Pharmacists should not be in my bed

Jackie Mantey

Sometimes things break — windows, cars, room key cards.

The most jilting of any break, however, is that of a condom.

Columbus couple Brian O’Neill and Tashina Bryd recently encountered such a dilemma. Like any responsible pair, they weighed their options and decided that Plan B was in order. They decided to purchase the over-the-counter emergency contraceptive at the Springfield County Wal-Mart while getting groceries.

Why shouldn’t they be able to? They’re over 18. They’re legal consumers. The couple, however, was met with a shake of the head and a laugh in the face by the Wal-Mart pharmacist.

Last August, the Food and Drug Administration approved the over-the-counter sale of Plan B for those age 18 or older. Commonly called the “morning-after pill,” Plan B is effective in preventing pregnancy if taken 120 hours after unprotected intercourse. Even though women over 18 no longer need a prescription to purchase Plan B, they still need the personal approval of some pharmacists who can refuse to sell the contraceptive.

Why do certain pharmacists care what’s going on in my ovaries? Well, many won’t sell because of moral or political objections.

It’s unfair that pharmacists are permitted to pick and choose what to sell to their customers. The fact that the Springfield pharmacist would not sell Plan B to Bryd and O’Neill, even though the pharmacy had the pills, is unethical. Pharmacists have a duty to their customers’ health and well-being. That duty involves a relationship between health care provider and patient – not health care provider, patient, moral deity and political viewpoint.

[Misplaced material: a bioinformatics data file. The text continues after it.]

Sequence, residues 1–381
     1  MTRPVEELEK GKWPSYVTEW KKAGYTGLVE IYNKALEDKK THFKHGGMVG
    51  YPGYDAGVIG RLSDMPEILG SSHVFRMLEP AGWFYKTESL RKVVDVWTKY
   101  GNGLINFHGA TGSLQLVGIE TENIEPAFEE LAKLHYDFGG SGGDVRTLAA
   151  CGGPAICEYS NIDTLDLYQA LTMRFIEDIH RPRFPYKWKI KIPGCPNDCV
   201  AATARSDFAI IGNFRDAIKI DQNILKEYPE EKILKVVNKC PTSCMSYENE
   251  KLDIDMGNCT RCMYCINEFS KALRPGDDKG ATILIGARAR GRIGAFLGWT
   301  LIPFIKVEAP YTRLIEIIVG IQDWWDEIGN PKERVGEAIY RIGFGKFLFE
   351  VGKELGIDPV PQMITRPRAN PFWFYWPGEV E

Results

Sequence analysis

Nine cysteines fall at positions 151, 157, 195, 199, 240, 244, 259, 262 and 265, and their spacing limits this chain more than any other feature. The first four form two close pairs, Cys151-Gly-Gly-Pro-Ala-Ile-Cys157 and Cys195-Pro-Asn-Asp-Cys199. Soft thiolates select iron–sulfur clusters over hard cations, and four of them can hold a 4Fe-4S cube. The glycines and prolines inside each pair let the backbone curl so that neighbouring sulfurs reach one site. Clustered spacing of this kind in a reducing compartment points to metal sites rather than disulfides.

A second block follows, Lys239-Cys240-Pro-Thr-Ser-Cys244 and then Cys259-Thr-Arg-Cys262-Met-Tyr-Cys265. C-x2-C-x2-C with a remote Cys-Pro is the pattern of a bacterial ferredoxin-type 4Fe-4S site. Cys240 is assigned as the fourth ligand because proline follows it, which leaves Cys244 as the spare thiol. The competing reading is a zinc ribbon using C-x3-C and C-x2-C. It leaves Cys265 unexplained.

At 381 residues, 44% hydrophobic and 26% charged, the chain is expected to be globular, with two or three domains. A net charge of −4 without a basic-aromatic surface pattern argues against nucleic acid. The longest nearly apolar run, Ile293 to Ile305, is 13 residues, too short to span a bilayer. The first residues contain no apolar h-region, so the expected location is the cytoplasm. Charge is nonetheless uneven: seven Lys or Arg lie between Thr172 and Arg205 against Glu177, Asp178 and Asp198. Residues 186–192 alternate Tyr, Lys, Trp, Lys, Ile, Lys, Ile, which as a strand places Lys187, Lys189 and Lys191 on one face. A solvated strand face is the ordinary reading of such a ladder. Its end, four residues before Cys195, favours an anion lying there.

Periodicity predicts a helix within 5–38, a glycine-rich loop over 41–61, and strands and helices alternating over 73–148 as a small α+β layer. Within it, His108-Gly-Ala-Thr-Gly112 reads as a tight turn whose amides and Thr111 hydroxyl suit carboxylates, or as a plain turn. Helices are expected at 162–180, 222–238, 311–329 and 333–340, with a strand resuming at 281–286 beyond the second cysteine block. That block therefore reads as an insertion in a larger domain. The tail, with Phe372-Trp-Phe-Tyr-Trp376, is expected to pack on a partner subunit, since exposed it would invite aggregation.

The OTC status of EC was allowed for a reason. EC has contributed to a decline in abortion rates in the United States, according to the Alan Guttmacher Institute. According to the American College of Obstetricians and Gynecologists, each year, the OTC Plan B sales would cut the number of unwanted pregnancies in half.

They are also estimating that emergency contraception could prevent up to 1.5 million unintended pregnancies and 800,000 abortions a year. So even if the pharmacists don’t believe reproductive choice is a right women should have, their moral objection to abortion should sway them to selling it.

Because Emergency Contraception lowers the risk of pregnancy when started within 120 hours, the individuals who are legally allowed to receive such contraception are forced to race against the clock to find it. Equally important, the sooner Plan B is administered, the better it works.

In Kent, you can go to the University Health Center, CVS or Walgreens. All provide Plan B with proper identification. Sure, you may have options here (if one place doesn’t sell it to you, you can go down the street), but some sexually active Americans are not offered that luxury.

We need to recognize that social stigmas surround any form of birth control, and the right to use it is under attack even amid encouraging legislation. If one person’s access is critically denied, yours could be, too. Women and men alike need to start speaking out against these pharmacists and in support of reproductive freedom.

And leaving a woman’s fate in the hands of a Bible-heaving pharmacist is not freedom.

Jackie Mantey is a junior magazine journalism major and Forum page editor. Contact her at [email protected].